Puerto Rico’s population continues to decline, with all 78 municipios experiencing population loss in 2022. The drop in population is largely a result of natural decrease, as all municipios had more deaths than births and negative net migration.

San Juan had the largest numeric difference as its population decreased by 4,559 or 1.3%. San Juan also had the highest natural decrease at -1,935, followed by Bayamón (-913) and Ponce (-704). Rincón was the only municipio with positive net migration (84) in 2022. Municipios with the largest net migration losses were San Juan (-2,624), Ponce (-1,912), and Bayamón (-1,470).

Metro/Micro Data

The release of Vintage 2022 population estimates for metropolitan and micropolitan statistical areas has been postponed from March to May to facilitate the transition from counties to planning regions in Connecticut. This forthcoming data release will be limited to total population and will not include the components of change. The delay and change to product availability is only expected to affect Vintage 2022 estimates.

For upcoming Vintage 2022 population estimates releases, see the schedule on the population estimates webpage.



Table 1: Top 10 Most Populous Counties – 2022

Top 10 Most Populous Counties: 2022
RankStateCountyApril 1, 2020
(Estimates Base)
July 1, 2021July 1, 2022
1CaliforniaLos Angeles County10,014,0429,811,8429,721,138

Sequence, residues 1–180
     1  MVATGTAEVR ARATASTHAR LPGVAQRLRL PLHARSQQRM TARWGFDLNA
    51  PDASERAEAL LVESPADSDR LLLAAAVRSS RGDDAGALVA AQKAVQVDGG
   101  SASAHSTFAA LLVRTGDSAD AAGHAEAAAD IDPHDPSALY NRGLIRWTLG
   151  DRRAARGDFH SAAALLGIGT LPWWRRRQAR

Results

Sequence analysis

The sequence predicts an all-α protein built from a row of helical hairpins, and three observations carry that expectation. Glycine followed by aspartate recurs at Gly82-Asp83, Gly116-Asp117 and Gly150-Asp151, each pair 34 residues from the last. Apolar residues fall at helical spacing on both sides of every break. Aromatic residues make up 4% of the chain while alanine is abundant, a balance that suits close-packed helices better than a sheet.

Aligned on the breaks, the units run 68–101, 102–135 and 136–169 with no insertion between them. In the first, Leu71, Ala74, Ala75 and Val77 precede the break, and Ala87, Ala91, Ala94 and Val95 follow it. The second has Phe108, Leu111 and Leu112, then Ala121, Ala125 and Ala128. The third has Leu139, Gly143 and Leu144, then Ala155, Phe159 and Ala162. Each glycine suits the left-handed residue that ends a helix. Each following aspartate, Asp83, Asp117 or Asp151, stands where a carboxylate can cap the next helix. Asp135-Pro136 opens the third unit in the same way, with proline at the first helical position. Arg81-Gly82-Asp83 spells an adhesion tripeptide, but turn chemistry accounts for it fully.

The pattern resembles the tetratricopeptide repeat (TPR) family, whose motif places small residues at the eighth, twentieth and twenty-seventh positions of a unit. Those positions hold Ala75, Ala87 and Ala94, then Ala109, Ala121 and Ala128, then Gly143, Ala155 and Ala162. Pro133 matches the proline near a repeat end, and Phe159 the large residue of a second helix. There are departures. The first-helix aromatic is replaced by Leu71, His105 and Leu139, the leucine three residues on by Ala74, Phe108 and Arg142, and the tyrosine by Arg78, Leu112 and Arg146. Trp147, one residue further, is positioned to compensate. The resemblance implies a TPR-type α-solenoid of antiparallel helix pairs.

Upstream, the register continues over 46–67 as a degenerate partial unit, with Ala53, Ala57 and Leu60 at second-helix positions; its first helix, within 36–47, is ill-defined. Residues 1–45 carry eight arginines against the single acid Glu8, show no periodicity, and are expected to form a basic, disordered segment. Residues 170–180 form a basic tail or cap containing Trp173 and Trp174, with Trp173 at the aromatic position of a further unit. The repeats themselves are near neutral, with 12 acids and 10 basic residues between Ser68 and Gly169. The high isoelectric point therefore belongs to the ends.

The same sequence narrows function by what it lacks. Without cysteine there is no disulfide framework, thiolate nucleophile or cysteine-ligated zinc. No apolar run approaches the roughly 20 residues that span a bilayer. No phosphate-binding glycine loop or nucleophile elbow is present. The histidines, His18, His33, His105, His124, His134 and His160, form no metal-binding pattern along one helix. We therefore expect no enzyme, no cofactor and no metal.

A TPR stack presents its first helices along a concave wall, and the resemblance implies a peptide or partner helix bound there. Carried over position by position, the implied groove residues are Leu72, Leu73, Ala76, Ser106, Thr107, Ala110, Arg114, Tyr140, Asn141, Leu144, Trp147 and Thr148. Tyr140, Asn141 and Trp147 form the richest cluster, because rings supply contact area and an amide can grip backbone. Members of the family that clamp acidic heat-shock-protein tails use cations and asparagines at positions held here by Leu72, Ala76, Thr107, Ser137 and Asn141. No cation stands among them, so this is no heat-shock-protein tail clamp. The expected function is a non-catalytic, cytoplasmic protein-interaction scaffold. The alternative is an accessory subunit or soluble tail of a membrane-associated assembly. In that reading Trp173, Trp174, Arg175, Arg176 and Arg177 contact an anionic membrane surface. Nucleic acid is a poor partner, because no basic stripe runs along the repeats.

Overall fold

2IllinoisCook County5,275,5225,177,6065,109,292
3TexasHarris County4,731,1294,735,2874,780,913
4ArizonaMaricopa County4,420,5744,494,6934,551,524
5CaliforniaSan Diego County3,298,6353,274,9543,276,208
6CaliforniaOrange County3,186,9793,161,0053,151,184
7FloridaMiami-Dade County2,701,7622,670,4212,673,837
8TexasDallas County2,611,4912,587,9542,600,840
9New YorkKings County2,736,0752,637,4862,590,516
10CaliforniaRiverside County2,418,1772,453,1782,473,902
Source: U.S. Census Bureau, Vintage 2022 Population Estimates

Table 2: Top 10 Counties in Numeric Growth (Annual)

Top 10 Counties in Numeric Growth, 2021 to 2022
RankStateCountyApril 1, 2020
(Estimates Base)
July 1, 2021July 1, 2022Numeric Growth
1ArizonaMaricopa County4,420,5744,494,6934,551,52456,831
2TexasHarris County4,731,1294,735,2874,780,91345,626
3TexasCollin County1,066,4651,114,4501,158,69644,246
4TexasDenton County906,405943,857977,28133,424
5FloridaPolk County725,041755,179787,40432,225
6FloridaLee County760,820790,676822,45331,777
7TexasFort Bend County822,779860,124889,14629,022
8FloridaHillsborough County1,459,7731,484,4551,513,30128,846
9TexasBexar County2,009,3222,030,8952,059,53028,635